team photo

Team 7

Team Members

Faculty Advisor

William Day
Micaela Gagas
Christine Troller
Joshua Lovett

Dr. Kristina Wagstrom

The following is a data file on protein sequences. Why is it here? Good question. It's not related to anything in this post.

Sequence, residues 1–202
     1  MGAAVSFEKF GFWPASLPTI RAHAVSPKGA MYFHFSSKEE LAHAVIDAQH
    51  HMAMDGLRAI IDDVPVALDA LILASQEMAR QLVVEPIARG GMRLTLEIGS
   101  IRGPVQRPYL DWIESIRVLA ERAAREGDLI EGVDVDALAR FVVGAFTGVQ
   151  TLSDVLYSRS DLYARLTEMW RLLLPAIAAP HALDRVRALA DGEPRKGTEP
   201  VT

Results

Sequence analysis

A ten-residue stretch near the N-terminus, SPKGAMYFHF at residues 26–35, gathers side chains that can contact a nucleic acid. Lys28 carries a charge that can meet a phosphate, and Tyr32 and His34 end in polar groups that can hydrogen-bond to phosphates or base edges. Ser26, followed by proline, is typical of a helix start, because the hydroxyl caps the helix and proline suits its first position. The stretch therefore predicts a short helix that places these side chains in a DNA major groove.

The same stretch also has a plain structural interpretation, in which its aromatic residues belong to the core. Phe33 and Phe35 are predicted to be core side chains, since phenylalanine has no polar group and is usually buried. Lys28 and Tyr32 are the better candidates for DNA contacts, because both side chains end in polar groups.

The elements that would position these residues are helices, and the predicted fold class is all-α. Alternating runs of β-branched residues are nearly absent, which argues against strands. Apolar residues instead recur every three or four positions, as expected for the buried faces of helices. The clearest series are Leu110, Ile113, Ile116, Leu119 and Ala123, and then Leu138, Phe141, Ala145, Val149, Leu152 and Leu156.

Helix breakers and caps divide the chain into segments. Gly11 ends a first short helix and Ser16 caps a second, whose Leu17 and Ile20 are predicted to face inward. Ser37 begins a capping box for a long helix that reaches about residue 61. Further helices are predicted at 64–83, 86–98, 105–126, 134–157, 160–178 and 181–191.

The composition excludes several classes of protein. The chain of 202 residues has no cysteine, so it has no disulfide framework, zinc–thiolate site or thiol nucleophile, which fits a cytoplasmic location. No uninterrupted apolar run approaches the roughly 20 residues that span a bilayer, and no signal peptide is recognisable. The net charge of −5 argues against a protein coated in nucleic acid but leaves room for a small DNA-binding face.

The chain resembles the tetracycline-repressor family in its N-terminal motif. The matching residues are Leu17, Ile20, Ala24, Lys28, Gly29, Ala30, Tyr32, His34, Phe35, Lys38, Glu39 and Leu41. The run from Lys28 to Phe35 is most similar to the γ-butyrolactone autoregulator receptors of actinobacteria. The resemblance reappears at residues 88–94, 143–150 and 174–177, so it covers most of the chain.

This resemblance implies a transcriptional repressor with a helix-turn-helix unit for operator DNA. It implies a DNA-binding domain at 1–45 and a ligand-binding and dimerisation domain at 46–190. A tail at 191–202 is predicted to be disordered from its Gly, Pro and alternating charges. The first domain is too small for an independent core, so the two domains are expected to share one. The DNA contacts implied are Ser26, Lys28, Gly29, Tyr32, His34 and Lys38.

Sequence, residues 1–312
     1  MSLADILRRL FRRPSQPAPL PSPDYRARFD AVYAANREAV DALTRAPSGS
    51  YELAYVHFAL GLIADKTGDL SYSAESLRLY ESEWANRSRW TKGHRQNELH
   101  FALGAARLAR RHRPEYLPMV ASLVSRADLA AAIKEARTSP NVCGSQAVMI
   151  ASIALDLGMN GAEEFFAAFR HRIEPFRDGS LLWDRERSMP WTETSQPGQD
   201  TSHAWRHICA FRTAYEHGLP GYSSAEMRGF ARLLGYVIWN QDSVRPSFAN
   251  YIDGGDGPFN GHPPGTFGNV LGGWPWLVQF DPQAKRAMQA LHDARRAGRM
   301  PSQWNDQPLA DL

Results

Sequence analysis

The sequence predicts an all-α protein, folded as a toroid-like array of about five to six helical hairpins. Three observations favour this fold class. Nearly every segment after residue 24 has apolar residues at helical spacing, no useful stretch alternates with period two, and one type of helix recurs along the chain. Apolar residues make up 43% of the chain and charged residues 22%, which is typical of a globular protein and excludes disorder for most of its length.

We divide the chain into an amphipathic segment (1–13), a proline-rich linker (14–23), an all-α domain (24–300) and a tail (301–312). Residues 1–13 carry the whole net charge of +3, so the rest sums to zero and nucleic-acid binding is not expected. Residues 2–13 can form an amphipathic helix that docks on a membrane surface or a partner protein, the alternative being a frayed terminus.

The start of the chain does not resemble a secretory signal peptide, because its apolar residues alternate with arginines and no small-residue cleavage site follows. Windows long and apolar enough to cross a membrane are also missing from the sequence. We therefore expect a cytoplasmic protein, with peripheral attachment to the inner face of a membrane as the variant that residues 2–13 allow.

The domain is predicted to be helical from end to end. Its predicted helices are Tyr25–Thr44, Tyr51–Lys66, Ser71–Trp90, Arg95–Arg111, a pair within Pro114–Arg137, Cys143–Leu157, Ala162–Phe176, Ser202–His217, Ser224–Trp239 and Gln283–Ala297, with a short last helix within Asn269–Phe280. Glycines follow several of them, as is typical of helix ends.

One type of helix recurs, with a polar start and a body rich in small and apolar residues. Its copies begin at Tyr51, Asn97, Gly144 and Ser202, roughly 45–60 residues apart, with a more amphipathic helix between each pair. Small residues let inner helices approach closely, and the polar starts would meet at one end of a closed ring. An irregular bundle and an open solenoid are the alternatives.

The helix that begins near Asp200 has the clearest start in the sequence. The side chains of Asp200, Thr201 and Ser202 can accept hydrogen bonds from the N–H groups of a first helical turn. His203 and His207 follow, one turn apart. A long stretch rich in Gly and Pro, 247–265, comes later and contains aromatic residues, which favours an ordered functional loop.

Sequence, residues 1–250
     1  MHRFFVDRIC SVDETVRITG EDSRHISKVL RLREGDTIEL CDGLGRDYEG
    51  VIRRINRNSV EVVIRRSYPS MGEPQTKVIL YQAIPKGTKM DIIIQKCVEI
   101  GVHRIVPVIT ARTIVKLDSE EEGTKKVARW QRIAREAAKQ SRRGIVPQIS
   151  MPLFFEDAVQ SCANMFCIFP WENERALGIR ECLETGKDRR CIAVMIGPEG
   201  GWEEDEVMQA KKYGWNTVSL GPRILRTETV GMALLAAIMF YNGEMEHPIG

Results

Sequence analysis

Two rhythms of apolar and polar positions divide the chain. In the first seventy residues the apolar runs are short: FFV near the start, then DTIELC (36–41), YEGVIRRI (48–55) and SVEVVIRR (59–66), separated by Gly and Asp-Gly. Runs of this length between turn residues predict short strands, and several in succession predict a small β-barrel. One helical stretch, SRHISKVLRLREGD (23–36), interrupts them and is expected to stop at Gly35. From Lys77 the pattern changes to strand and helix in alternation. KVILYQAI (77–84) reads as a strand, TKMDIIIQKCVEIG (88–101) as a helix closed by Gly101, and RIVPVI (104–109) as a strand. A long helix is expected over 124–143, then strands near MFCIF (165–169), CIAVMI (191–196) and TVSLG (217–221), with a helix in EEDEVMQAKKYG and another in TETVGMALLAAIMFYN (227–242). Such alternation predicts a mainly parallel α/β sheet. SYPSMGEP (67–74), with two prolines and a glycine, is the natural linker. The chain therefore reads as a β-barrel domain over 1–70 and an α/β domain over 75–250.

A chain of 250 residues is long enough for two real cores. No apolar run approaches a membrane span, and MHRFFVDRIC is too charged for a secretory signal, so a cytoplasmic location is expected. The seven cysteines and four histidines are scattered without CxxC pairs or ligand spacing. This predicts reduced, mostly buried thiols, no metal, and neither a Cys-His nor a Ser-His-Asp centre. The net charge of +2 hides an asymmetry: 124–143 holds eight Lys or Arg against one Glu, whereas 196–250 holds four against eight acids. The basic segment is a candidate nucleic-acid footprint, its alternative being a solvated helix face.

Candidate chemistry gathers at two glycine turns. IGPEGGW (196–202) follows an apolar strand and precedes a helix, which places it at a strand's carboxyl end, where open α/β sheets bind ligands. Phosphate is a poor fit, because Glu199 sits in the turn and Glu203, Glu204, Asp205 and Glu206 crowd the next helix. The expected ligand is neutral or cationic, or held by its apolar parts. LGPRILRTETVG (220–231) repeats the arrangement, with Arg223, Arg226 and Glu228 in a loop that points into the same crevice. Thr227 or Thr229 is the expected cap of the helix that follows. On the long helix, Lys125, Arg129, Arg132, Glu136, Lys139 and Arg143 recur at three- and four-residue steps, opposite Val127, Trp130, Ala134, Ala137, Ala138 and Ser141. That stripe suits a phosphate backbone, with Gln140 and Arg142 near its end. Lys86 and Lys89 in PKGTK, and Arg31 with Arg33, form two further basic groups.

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Manure management is a consistent challenge facing dairy farms across the U.S. The difficulties from excess manure causes farms to seek creative methods for disposing animal waste. One of these methods is the biogas digester. A digester is a large-scale reactor and separator system that processes manure into two usable products: methane gas and a liquid distillate high in nutrient concentration. Because of the economic and environmental pressure manure management puts on small farms, anaerobic digesters are an attractive and profitable solution to process livestock waste.  The goal of this project was to design an anaerobic digester for Freund Farm, and determine its environmental, economic, and logistical feasibility. The team designed the engineering process, including manure collection and transport, the parameters of the reactor chamber, and separation and storage of the final products. Using computer software and hand calculations, the team calculated the theoretical methane production, emissions reduction, and financial viability of the design.  Furthermore, the team considered the environmental, economic, and ethical impacts of a digester. Potential health impacts include the environmental risk to workers, animals, and nearby residential communities. Safety considerations include mechanical malfunctions, chemical exposure, and explosions.  By collaborating with our project sponsor, the team created a design that improves on, and increases the revenue from the farm’s manure management process. The results from this project will let the local CT farm to not only digest 100% of their manure, but profit from the biogas production.